- Why are movies about scams such scams?
- The best movie cast...ever?
- Aidy Bryant 2020
- The John Oliver episode you must watch.
- Complicated Toy Story feelings
- The biggest Queer Eye cry this season
The Elizabeth Holmes Documentary Was Inexcusably Bad
In the year of our Lord 2019, nothing is hotter than a scam. Just ask Aunt Becky. But the one thing more en vogue? Documentaries about scams that are themselves a scam. Russian nesting doll movie scams! Scams in scams in scams in scams!
The latest case is perhaps less overt than the original examples: Dueling documentaries on the Fyre Festival in which one paid for an interview with the festival founder and another was produced by the marketing company complicit in the fraud. But it’s just as exasperating. There is perhaps no scam more important, infuriating, and filled with wild details than that of Elizabeth Holmes and her $9 billion Theranos grift.
The Inventor: Out For Blood in Silicon Valley debuted this week on HBO. And it was bad. Like...abjectly bad? It was a documentary on the woman whose claims of revolutionizing the health industry—with technology that would perform a menu of blood tests from a finger prick of blood instead of a venal needle draw—earned her designation as someone who could legitimately change the world. That’s all despite the fact that the technology didn’t actually exist, she was lying to everyone from early consumers to Barack Obama and Henry Kissinger, and the media attention was all a ruse.
Holmes is a captivating figure, as The Inventor proves. Or, rather, nearly disproves. It’s hard to imagine how a documentary with source material this rich and directed by a legend like Alex Gibney could be such a chore.
There was maybe more throat clearing in the first half of this documentary than in a whooping cough clinic in the 1800s. I bring up the 19th century because the documentary does. Often. Like, all the time. Did you know about Thomas Edison? That he was an inventor? That he sometimes failed and other times invented things? You will after watching the first 45 minutes of The Inventor. Get me to the scam!
To be fair, the details of the Elizabeth Holmes saga are so explosive that the documentary ultimately works, I guess, because most of those details are included. But they’re nearly drowned out by style and a confusing misunderstanding of the hook.
Perhaps the most noteworthy thing about the documentary is the harsh close-up interviews with Holmes, conducted against a white backdrop and bright light that made her eyes not so much pop as leap through your TV set into the part of your subconscious that programs your nightmares for decades to come.
This may be a reach, but I couldn’t stop thinking about it: As eerie and effective as those shots—that obsession with her wide, unsettling, unblinking eyes—was, it seemed extremely misogynistic. It unnecessarily took attention away from the historic nature of her fraud by doing the thing we always do when it comes to women in business: focusing on her looks instead of her accomplishments. (Even if this case the accomplishment was a mammoth scam.)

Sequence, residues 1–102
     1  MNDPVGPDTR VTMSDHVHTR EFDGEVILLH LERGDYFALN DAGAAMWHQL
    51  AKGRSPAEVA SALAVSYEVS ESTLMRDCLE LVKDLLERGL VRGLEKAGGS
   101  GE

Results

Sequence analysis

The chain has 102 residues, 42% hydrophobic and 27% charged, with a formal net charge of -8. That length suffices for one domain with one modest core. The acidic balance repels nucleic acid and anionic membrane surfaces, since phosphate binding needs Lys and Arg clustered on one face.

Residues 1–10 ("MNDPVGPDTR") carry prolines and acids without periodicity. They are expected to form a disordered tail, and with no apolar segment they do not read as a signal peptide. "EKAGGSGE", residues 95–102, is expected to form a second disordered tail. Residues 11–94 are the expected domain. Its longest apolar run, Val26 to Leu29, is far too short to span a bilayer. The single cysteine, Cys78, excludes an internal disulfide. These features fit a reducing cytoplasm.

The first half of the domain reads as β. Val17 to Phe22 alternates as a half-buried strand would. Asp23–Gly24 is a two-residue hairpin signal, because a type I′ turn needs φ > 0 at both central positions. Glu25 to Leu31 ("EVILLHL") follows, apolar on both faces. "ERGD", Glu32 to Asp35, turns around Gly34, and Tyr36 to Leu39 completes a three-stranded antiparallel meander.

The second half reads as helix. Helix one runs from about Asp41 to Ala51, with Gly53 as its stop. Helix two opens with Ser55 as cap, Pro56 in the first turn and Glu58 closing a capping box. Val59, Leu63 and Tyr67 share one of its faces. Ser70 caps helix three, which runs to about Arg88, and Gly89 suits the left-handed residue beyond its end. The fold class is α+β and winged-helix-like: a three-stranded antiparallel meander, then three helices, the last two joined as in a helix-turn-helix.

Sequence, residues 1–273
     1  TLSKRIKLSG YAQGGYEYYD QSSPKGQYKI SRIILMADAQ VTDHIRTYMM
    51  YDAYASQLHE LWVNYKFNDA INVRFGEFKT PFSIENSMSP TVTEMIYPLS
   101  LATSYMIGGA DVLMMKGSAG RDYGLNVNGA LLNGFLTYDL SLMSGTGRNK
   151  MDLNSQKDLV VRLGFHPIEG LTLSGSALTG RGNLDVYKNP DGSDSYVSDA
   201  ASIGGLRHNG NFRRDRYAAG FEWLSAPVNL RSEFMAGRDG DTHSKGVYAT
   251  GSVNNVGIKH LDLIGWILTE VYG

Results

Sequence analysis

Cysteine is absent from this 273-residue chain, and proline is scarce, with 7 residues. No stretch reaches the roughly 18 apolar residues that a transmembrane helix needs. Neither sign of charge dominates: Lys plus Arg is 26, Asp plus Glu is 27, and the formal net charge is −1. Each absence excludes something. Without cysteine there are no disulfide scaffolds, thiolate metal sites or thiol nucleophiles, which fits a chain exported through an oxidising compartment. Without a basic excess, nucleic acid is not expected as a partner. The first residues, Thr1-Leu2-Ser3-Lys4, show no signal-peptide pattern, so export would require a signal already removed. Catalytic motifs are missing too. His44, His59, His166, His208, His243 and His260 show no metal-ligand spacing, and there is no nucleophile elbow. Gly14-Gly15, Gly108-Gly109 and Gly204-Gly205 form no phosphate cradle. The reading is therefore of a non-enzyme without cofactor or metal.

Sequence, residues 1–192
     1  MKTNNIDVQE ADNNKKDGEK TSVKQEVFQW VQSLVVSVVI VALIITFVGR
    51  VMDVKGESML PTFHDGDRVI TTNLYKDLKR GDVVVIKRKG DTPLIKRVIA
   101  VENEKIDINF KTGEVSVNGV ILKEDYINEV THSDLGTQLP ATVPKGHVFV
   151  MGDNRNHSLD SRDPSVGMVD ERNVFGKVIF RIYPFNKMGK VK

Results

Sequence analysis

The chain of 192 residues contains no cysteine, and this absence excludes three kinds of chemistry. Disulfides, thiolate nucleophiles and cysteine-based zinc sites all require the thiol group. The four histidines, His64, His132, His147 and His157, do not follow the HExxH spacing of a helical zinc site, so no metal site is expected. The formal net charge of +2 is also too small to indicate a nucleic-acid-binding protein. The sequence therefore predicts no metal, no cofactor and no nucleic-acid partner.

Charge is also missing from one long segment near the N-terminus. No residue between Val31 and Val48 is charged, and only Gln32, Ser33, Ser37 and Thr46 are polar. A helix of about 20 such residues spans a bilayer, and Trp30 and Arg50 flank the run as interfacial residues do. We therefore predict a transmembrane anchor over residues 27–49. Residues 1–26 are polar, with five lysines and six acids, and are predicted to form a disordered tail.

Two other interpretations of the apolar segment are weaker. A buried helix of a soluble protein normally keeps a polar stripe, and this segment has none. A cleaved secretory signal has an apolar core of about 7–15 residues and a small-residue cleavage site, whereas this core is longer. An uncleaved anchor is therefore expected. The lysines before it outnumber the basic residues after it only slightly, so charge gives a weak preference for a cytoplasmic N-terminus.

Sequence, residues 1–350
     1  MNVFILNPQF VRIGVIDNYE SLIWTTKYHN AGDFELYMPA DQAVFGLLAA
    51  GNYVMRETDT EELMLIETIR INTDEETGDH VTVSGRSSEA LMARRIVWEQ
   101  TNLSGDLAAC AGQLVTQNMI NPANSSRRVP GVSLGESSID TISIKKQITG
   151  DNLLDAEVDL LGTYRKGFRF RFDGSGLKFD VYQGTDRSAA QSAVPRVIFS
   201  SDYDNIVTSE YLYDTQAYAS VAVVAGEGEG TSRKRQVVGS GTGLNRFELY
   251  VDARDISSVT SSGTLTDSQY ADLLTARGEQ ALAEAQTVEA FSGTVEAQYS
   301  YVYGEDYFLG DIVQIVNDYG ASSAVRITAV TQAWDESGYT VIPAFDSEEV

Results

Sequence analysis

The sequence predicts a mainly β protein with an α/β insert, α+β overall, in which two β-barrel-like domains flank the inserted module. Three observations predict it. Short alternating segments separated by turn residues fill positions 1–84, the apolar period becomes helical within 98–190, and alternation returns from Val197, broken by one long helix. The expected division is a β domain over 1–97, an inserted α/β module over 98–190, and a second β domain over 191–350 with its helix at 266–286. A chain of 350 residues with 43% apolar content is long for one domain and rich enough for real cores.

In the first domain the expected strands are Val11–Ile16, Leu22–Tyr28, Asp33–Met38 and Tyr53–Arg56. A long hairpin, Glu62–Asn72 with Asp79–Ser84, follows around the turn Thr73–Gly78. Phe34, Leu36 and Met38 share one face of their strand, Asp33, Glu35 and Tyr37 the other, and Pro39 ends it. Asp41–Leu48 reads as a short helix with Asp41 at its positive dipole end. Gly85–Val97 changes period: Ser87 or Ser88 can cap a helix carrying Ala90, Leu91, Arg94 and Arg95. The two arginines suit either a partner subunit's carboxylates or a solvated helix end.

Was it interesting filmmaking? Yes, and there are GIFs to prove it. But it also reduced a major controversy to a woman’s bug eyes. When was the last time a documentary made its signature motif zooming in on a man’s receding hairline? Did the Harvey Weinstein documentary at Sundance center its camera on his double chin?
It’s all the more annoying because if there was one superficial thing about Elizabeth Holmes to zero in on... it’s her voice! That deep, baritone, shitty man voice that comes off as entirely absurd every time she speaks? Fake!!! She reportedly altered her voice down several registers in order to be taken seriously. Her natural voice is much higher pitched, though any time she is caught using it, the evidence is quickly removed from the internet.
This is fascinating. It’s fascinating in terms of what in the crazy hell this woman is doing, but also fascinating in terms of what it says about gender and the business world. It also was not talked about at all in the documentary. I couldn’t believe it! I felt, perhaps appropriately, scammed.
The ‘Hustlers’ Strippers Movie Was Cast in My Dreams
In 2015, Jessica Pressler wrote one of the best magazine features I’ve ever read for New York called “The Hustlers at Scores,” a Robin Hood tale of strippers who stole from the shitty men they danced for and gave to...themselves. It is now, as it should, being turned into a movie. And that movie will star (wait for it) Jennifer Lopez, Constance Wu, CARDI B!!!, Keke Palmer, Julia Stiles, Lili Reinhart, Trace Lysette, and Mercedes Ruehl. Do they give Nobel Prizes for casting?
Give Aidy Bryant All the Awards
Aidy Bryant is so good in Shrill it should be a federal law that every American citizen write her a personal letter congratulating her. The series is such a revolutionary joy, a transgressive sigh of relief, that we should all be spending our nights on a letter writing campaign to everyone involved: the writers, directors, co-stars, costume designer, and Lindy West, whose book the series is based on.